Original Research ARTICLE
Sex-Dependent Motor Deficit and Increased Anxiety-Like States in Mice Lacking Autism-Associated Gene Slit3
- 1Laboratory of Neural Circuits & Behavior, Program in Neuroscience, Hussman Institute for Autism, Baltimore, MD, United States
- 2Autism & Brain Development Laboratory, Program in Neuroscience, Hussman Institute for Autism, Baltimore, MD, United States
Altered neuronal connectivity has been implicated in the pathophysiology of Autism Spectrum Disorder (ASD). SLIT/ROBO signaling plays an important role in developmental processes of neuronal connectivity, including axon guidance, neuronal migration, and axonal and dendritic branching. Genetic evidence supports that SLIT3, one of the genes encoding SLITs, is associated with ASD. Yet the causal link between SLIT3 mutation and autism symptoms has not been examined. Here we assessed ASD-associated behaviors in Slit3 knockout (KO) mice. Our data showed that Slit3-KO mice exhibited reduced marble burying behaviors but normal social behaviors. In addition, Slit3-KO mice displayed hypolocomotion in the open field test and impaired motor coordination in the rotarod test. Anxiety-like behaviors were mainly observed in female KO mice assessed by three types of behavioral tests, namely, the open field test, elevated plus maze test, and light/dark box test. No differences were observed between KO and wildtype mice in recognition memory in the novel object recognition test or depression-like behavior in the tail suspension test. Taken together, loss of Slit3 may result in disrupted neural circuits related to motor function and increased anxiety-like states, which are co-occurring symptoms in ASD.
SLITs, encoded by the genes Slit1-3, are chemorepellents that bind to Roundabout (ROBO) receptors to guide axons to find correct pathways during brain development (Brose et al., 1999; Nguyen-Ba-Charvet and Chédotal, 2002; Long et al., 2004). SLIT/ROBO signaling plays an important role in neuronal migration, cell proliferation, and axonal and dendritic branching, which are required for the normal development of neuronal connectivity (Hu, 1999; Wang et al., 1999; Shu and Richards, 2001; Whitford et al., 2002; Miyashita et al., 2004; Plachez and Richards, 2005; Andrews et al., 2007; Plachez et al., 2008; Borrell et al., 2012). For instance, the formation of thalamocortical, corticofugal, and callosal connections partially or completely depends on SLIT family (Bagri et al., 2002; Unni et al., 2012) and ROBO1/2 receptors (Lopez-Bendito et al., 2007). Altered neuronal connectivity is a potential neural signature of Autism Spectrum Disorder (ASD) (Menon, 2013; Mohammad-Rezazadeh et al., 2016). Studies using functional magnetic resonance imaging (fMRI), electroencephalography (EEG), or magnetoencephalography (MEG) found hyperconnectivity and hypoconnectivity in brains of ASD patients (Lynch et al., 2013; Di Martino et al., 2014; O'Reilly et al., 2017). Along with altered functional connectivity, brain structural abnormalities were also discovered in ASD (Freitag et al., 2009; Hardan et al., 2009; Oblak et al., 2011; Uddin et al., 2011). These lines of evidence suggest that functional changes in the SLIT/ROBO pathway may hinder the normal development of neural connectivity, resulting in neurodevelopmental conditions such as ASD.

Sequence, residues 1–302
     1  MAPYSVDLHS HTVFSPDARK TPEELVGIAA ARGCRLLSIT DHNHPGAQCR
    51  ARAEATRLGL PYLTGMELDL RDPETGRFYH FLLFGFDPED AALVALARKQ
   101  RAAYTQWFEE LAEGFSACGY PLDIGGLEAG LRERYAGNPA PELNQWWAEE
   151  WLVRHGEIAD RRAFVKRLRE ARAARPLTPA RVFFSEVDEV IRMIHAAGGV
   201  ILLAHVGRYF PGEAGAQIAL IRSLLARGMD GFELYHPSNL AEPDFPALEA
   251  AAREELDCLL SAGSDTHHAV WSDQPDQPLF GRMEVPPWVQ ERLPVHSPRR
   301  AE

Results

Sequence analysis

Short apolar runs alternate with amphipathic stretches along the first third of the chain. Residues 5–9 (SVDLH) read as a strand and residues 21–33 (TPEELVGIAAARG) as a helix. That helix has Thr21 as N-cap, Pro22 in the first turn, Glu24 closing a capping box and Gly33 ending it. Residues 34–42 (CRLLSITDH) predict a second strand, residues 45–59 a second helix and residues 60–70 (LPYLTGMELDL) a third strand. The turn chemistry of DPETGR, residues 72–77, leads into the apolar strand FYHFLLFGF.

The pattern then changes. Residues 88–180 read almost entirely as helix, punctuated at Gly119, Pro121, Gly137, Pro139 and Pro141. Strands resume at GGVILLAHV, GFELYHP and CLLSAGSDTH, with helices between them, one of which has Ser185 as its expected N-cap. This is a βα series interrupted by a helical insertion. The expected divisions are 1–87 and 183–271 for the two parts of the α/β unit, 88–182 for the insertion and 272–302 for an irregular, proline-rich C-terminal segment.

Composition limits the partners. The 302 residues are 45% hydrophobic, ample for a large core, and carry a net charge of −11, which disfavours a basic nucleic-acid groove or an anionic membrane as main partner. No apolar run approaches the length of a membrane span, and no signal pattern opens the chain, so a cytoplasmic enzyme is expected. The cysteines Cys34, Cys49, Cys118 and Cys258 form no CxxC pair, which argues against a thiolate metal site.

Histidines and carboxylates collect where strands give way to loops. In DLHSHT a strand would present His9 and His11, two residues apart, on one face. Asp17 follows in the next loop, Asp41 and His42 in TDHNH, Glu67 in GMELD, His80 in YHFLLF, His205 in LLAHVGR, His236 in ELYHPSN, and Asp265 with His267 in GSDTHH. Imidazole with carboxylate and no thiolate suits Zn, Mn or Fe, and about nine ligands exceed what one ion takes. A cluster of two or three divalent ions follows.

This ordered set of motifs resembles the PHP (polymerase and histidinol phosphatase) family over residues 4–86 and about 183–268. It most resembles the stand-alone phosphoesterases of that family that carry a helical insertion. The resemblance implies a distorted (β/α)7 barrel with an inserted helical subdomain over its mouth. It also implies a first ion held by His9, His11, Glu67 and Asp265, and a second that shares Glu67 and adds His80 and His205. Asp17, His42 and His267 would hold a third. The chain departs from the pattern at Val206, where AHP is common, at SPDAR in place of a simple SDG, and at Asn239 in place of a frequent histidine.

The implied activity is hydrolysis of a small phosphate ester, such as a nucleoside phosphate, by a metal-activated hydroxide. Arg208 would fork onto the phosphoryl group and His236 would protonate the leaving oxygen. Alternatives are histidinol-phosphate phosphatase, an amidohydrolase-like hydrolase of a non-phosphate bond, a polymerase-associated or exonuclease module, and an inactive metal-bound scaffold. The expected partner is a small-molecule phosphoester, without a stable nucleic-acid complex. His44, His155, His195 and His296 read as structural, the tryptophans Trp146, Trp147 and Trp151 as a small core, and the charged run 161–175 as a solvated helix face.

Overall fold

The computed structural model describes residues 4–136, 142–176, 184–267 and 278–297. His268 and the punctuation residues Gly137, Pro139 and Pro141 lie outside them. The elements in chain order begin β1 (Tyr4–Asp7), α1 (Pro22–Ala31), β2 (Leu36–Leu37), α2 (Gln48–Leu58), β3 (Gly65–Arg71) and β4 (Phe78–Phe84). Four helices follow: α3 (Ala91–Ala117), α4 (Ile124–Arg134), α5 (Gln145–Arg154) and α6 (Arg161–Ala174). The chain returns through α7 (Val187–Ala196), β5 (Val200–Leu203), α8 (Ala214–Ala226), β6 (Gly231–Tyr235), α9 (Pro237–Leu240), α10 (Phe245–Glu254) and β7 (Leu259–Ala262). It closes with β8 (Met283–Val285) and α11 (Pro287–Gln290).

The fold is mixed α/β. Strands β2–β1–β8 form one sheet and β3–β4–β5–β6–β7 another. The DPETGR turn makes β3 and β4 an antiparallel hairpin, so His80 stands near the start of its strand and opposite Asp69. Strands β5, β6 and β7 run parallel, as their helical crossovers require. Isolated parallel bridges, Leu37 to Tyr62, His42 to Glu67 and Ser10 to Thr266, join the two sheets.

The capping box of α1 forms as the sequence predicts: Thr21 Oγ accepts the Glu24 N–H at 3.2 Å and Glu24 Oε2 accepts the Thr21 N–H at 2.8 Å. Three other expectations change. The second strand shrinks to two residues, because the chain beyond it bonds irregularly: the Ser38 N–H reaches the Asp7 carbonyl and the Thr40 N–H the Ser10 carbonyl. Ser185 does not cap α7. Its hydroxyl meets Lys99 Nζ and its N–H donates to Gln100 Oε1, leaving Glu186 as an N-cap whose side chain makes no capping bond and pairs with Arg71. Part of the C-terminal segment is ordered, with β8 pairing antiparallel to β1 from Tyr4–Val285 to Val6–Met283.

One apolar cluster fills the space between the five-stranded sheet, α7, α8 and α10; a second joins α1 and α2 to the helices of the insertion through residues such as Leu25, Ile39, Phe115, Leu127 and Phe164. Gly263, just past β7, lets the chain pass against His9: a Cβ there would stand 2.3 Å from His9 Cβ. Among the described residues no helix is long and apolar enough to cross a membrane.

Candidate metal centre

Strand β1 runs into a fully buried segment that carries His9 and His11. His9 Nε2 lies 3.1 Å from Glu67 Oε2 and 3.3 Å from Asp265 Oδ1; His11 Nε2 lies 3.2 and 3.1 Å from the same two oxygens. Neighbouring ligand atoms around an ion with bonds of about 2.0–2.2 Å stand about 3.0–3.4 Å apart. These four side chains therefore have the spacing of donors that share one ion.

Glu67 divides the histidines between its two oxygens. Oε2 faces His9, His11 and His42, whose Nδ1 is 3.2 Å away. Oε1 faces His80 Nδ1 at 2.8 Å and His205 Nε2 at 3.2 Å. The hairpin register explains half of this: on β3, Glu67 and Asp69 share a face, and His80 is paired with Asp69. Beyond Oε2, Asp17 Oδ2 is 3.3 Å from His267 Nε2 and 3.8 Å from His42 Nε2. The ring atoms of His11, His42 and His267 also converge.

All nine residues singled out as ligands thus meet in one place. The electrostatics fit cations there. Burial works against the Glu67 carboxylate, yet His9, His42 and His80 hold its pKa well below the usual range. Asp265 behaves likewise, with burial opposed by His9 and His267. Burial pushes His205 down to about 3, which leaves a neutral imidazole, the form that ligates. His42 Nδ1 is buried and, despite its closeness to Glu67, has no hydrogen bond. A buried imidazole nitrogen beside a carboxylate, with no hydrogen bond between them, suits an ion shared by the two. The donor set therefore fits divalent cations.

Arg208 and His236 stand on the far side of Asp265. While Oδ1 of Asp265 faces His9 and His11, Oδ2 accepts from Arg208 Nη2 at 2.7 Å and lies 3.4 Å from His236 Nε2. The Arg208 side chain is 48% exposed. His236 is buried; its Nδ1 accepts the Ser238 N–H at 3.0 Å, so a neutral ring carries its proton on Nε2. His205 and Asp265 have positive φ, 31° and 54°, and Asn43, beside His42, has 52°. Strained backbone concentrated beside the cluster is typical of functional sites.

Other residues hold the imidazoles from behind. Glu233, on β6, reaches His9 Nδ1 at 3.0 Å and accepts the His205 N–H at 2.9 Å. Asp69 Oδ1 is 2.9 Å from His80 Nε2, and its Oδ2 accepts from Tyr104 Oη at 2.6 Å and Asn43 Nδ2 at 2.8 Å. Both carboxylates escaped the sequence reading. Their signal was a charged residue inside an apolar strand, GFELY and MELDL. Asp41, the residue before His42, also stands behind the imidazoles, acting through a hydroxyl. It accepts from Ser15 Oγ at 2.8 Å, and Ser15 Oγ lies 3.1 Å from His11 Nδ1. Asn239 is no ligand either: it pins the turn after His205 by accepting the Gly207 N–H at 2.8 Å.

Indeed, aberrant SLIT/ROBO signaling has been implicated in the pathogenesis of ASD (Anitha et al., 2008; Blockus and Chédotal, 2014; Perez et al., 2016). It has been shown that mRNA and protein expression of ROBO2, is reduced in the anterior cingulate cortex of ASD postmortem brains (Suda et al., 2011). In addition, ROBO1 gene expression is downregulated in lymphoblastoid cell lines derived from children with autism (Hu et al., 2006). Gene variations of ROBO3/4 and increased expression of SLIT1 are also associated with autism (Anitha et al., 2008; Bakos et al., 2015).
Importantly, SLIT3 is suggested as an autism-risk gene by several genetic studies. The primary evidence is from a whole- exome sequencing study in which single nucleotide variance of SLIT3 was identified in two multiplex ASD families (Cukier et al., 2014). Single nucleotide variance of SLIT3 was also reported in the simplex ASD family from analyses using the Simons Simplex Collection data set (Krupp et al., 2017). Additionally, the chromosomal abnormality of 5q35, where SLIT3 is located, is linked to neurodevelopmental disorders (Schafer et al., 2001; Schiffer et al., 2003; Bækvad-Hansen et al., 2006; Menten et al., 2006). In line with this notion, it has been reported that SLIT3 mutations are associated with schizophrenia (Shi et al., 2004) and major depressive disorder (Glessner et al., 2010), which may be attributed to the overlapped genetic susceptibility between ASD and other neuropsychiatric disorders (Carroll and Owen, 2009; Cukier et al., 2014; McCarthy et al., 2014; Khanzada et al., 2017). However, despite these indications, no study to date has examined whether mutations of SLIT3 leads to ASD-related symptoms.
In this study, several ASD-associated behaviors in Slit3-KO mice were examined, including motor behaviors (open field test and rotarod test), anxiety-like behaviors (light/dark box and elevated plus maze test), depression-like behaviors (tail suspension test), cognitive ability (novel object recognition test), social behaviors (three chamber test), and repetitive behaviors (marble burying test). Behavioral assessments in Slit3-KO mice revealed that the absence of Slit3 resulted in increased anxiety-like behaviors and altered motor behaviors. Since behavioral criteria are relevant to the diagnosis of ASD, Slit3-KO mice with behavioral characterization may be a useful animal model for the study of clinical interventions in autism.